atan2() Function Example in C Programming

In this source code example, we will see how to use the atan2() function in C programming with an example.

atan2() Function Overview

The atan2() function in C calculates the arctangent of the quotient of its arguments. Unlike atan(), which takes a single argument, atan2() requires two arguments: y and x, representing the coordinates in a two-dimensional plane. 

The result, in radians, represents the angle between the x-axis and a point (x, y). The range of values returned by atan2() spans from \([-π, π]\). It's important in applications such as determining the angle of rotation or converting Cartesian coordinates to polar coordinates. This function can be found in the math.h library. 

Key Points: 

- You should include the math.h header to use the atan2() function. 

- The atan2() function provides an angle based on the coordinates' position in all four quadrants, unlike the atan() function which is limited to two quadrants. 

- The function's result is in radians. To get the value in degrees, use the formula: degree = radian × 180 / π

- Remember to link the math library with the -lm flag when compiling.

Source Code Example

#include <stdio.h>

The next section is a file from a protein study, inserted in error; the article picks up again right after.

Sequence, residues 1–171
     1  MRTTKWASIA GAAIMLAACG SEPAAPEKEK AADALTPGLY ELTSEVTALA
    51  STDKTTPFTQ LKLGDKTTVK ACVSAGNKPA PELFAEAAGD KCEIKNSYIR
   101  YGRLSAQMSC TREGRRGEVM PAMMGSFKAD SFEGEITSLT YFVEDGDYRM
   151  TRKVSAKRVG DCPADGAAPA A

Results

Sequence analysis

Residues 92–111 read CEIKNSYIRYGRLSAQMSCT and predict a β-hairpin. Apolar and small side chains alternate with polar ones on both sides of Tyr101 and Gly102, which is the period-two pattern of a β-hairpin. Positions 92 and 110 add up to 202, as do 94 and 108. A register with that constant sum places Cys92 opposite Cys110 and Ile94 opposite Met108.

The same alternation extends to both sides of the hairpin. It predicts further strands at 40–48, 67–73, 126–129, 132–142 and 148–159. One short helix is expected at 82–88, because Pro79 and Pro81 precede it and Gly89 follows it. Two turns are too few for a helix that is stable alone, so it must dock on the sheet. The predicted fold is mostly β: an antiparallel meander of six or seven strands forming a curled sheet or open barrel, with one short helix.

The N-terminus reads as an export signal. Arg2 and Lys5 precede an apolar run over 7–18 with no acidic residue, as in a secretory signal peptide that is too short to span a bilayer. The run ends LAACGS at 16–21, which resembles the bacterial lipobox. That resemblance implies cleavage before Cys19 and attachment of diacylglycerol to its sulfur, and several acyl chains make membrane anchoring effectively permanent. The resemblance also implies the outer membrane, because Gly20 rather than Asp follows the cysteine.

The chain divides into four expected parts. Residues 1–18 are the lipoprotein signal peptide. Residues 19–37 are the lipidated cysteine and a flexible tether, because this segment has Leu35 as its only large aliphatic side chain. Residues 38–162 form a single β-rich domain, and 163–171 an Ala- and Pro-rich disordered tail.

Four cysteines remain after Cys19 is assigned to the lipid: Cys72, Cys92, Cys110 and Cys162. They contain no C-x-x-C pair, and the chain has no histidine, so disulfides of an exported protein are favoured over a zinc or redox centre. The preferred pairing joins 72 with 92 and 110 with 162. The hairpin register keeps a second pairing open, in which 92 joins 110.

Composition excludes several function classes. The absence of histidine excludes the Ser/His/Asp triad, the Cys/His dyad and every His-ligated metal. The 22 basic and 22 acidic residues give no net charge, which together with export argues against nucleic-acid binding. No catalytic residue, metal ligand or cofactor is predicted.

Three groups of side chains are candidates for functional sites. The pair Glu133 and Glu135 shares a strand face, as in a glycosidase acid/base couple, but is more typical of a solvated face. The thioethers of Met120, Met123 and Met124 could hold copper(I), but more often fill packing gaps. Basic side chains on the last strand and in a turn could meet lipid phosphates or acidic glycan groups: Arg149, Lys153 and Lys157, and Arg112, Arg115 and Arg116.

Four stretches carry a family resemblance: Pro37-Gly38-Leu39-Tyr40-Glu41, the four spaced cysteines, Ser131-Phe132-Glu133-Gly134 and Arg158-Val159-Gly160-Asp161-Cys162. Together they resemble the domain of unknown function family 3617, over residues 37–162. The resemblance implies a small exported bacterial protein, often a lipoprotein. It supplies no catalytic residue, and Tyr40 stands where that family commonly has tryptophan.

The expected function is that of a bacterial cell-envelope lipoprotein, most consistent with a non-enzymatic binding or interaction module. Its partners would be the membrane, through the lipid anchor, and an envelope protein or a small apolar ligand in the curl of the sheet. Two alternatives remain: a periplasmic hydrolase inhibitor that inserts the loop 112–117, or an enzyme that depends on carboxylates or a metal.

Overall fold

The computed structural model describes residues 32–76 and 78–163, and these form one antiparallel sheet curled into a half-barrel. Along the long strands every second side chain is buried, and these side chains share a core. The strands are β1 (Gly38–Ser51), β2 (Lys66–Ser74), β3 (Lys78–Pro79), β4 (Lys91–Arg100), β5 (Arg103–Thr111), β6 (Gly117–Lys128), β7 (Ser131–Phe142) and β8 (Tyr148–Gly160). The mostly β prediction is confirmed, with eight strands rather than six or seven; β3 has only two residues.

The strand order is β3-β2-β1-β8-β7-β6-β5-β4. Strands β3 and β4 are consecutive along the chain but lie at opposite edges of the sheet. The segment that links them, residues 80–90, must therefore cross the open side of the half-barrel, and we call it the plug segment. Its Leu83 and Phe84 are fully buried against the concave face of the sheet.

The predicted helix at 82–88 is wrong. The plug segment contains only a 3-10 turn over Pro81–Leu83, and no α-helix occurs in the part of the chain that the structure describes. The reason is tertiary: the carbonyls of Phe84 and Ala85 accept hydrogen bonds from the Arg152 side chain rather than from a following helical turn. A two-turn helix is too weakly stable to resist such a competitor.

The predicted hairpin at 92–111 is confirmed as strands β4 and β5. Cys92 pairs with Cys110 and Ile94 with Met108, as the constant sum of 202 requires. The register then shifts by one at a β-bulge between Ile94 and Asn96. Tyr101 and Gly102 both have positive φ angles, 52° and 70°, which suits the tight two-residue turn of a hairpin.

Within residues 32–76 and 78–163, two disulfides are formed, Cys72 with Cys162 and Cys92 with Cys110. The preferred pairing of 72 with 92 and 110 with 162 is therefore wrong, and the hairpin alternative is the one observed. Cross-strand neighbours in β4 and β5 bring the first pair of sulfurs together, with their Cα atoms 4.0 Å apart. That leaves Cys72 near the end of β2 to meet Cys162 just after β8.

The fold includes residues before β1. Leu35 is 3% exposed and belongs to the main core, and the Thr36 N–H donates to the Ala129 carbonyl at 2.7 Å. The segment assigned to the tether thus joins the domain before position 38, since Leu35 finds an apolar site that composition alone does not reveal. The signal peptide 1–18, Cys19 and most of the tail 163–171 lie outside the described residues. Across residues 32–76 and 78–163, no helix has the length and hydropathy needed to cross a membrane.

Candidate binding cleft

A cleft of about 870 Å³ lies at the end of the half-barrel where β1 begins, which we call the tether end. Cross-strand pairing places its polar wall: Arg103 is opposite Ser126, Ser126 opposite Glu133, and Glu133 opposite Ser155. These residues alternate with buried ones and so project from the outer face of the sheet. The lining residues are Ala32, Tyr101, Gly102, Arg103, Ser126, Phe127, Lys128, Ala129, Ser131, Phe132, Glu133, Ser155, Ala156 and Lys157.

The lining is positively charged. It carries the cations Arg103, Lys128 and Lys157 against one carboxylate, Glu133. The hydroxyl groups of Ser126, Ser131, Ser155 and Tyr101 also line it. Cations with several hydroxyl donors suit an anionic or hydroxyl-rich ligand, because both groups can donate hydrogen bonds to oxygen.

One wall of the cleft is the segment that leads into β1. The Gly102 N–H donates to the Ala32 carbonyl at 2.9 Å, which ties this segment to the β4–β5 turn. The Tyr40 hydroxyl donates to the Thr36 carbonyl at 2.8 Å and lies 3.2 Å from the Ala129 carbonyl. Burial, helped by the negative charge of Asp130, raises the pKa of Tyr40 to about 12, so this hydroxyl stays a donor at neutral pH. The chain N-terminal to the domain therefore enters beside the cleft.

#include <math.h>  // Required for atan2()

int main() {
    double x, y, result_in_radians, result_in_degrees;

    // Get the coordinates from the user
    printf("Enter the x coordinate: ");
    scanf("%lf", &x);
    printf("Enter the y coordinate: ");
    scanf("%lf", &y);

    // Calculate the arctangent based on the coordinates
    result_in_radians = atan2(y, x);

    // Convert the result to degrees
    result_in_degrees = result_in_radians * 180.0 / M_PI;

    // Display the results
    printf("Arctangent of (y/x) for coordinates (%.2lf, %.2lf) in radians is: %.2lf\n", x, y, result_in_radians);
    printf("In degrees: %.2lf\n", result_in_degrees);

    return 0;


Enter the x coordinate: 1
Enter the y coordinate: 1
Arctangent of (y/x) for coordinates (1.00, 1.00) in radians is: 0.79
In degrees: 45.00


1. We begin by integrating the essential header files: stdio.h for I/O operations and math.h to access the atan2() function.

2. Within the main() function, we collect both x and y coordinates from the user.

3. The atan2() function is then used to determine the arctangent of the quotient of these coordinates.

4. The resulting radian value is converted to degrees for ease of understanding.

5. Both the radian and degree values are subsequently printed on the console.